ImPort Stanley is weekly series about life and discoveries as a recent “import” to Port Stanley, ON.
For many, a visit to this town is mainly because of the beach.
I set out to write about Port Stanley’s three beaches today. And then I discovered there is a fourth beach! But no one seems to know where it is. I had to figure it out on my own. You might wonder why I would write about beaches in the dead of winter! Well, when you live here, you visit them no matter the weather. Just because you can. And we see lots of out-of-town lookie-loos driving to the beach in sub-zero temps for something to do. We used to do it, too.
People I’ve taken to our beaches have said they’re sandier than some others on Lake Erie and other great lakes. There’s nothing like going out for leisurely a swim and – is that a reed? An eel? The Loch Ness Monster?? That doesn’t happen here. No sharks, either!
Beach lovers come to Port Stanley for the main beach. Main Beach, big beach, Port Stanley beach, whatever you wish. It’s a Blue Flag beach, meaning it meets or exceeds all sorts of standards for cleanliness, accessibility, laws, and so on. Blue Flag is a prestigious designation and Port earns it year after year.
The beach is about half a kilometre long and it’s packed on hot summer weekends. Volleyball nets, benches, kids’ play stuff – it’s all there. Plus it’s our only beach with a lifeguard. Not being a beach person, I prefer to visit GT’s on the Beach or Mackie’s – both restaurants literally located on the sand – and enjoy watching the activity from cool comfort. There’s a huge parking lot (paid) with 101 spaces but it fills up. Sometimes you can find a spot on a street if you don’t mind a little trot to get to the sand.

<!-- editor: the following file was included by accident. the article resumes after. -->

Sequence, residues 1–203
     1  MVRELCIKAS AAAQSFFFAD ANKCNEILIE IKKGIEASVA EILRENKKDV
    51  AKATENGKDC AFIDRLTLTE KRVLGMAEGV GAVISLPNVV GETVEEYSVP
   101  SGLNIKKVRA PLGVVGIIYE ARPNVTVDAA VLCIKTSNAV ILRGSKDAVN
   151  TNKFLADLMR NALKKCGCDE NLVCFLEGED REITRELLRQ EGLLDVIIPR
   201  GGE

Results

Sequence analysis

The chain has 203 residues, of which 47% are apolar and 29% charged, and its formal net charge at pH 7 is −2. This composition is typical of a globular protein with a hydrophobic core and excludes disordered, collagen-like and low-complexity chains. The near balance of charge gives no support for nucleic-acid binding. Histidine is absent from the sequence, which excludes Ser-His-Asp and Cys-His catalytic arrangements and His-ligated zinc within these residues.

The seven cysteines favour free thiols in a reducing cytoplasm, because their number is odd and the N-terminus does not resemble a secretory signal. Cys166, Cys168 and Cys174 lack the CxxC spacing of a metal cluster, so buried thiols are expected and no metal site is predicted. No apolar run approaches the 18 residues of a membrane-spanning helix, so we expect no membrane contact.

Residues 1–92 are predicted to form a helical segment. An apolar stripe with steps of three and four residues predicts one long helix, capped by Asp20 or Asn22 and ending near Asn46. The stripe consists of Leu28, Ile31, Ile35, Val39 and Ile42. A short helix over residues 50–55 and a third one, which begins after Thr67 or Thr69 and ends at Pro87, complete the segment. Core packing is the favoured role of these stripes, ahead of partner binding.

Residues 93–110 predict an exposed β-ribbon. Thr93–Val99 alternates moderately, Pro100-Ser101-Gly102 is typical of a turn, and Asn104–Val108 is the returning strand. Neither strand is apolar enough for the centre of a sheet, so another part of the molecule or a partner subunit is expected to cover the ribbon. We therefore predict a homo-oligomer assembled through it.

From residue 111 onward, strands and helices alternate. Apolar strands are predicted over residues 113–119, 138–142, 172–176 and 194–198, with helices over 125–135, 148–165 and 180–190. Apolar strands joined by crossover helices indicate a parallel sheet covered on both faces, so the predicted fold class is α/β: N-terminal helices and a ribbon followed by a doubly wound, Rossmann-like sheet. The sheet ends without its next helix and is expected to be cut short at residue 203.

Little Beach is closest to where we live and a fairly long walk from the main beach. It’s named appropriately. Smaller, with shallower water, Little Beach is where families with wee ones tend to go for a dip. It can get crowded, too, but no one’s going to knock you over while running for a volleyball. It’s more low key. And it’s close to the shopping district which comes in handy when you’ve had enough of the sun.
Erie Rest Beach is even smaller, west of the main beach, and not as well known. It’s also adjacent to private beachfront. It’s narrower, more natural, and I think it’s best for people who want to sit and talk. Or maybe walk the shoreline and look for sea glass and small driftwood. Taking large pieces is prohibited although you’re more likely to see some here. The beachfront west of Erie Rest is private.
And that brings us to beach #4.
I asked locals, thumbed through local history books at the library, googled until I was out of euphemisms, and finally drove around to figure this one out. Even the municipality of Central Elgin couldn’t help me despite clearly listing all four beaches on its website.
Here’s the deal, as I see it. Because the beachfront west of Erie Rest is private, few people know about Pumphouse Beach, which lays beyond the private beach. I think. The private areas belong to huge homes along Edith Cavell Blvd West, an area off George Street. But if you do go further, I believe, you’ll find the elusive Pumphouse Beach.
If anyone can confirm my conclusion, I’d be grateful. I spoke to locals young and old and most had heard of it but didn’t know where it was. As for a pumphouse, I couldn’t find that either. Obviously.
Elgin County tourism signs say, Come for the Shore, Stay to Explore. Some stay to explore and more! Of course, I’m talking about imports, like us.
Some of the most beautiful photos of the beaches, the sunsets, and other gorgeous slices of life here are posted daily on a public Facebook page called Port Stanley Ontario photos. It’s moderated by Ann Stevens, owner of Little Beach Shop (upcycled furniture, Fusion mineral paint, local candles & goods) who captures exquisite pics every morning. But anyone can post their photos there. The shop is literally around the corner from Little Beach and a must-see when you’re here. Ann’s family has lived here for generations and she’s a tremendous advocate for Port Stanley.
UPDATE: Thanks to my pal Sharon whose friend’s boss grew up in Port, I now know I got the Pumphouse Beach location correct. The Pumphouse used to be located at the end of Edith Cavell where there’s a loop, right where I guessed the beach must be. Mystery solved.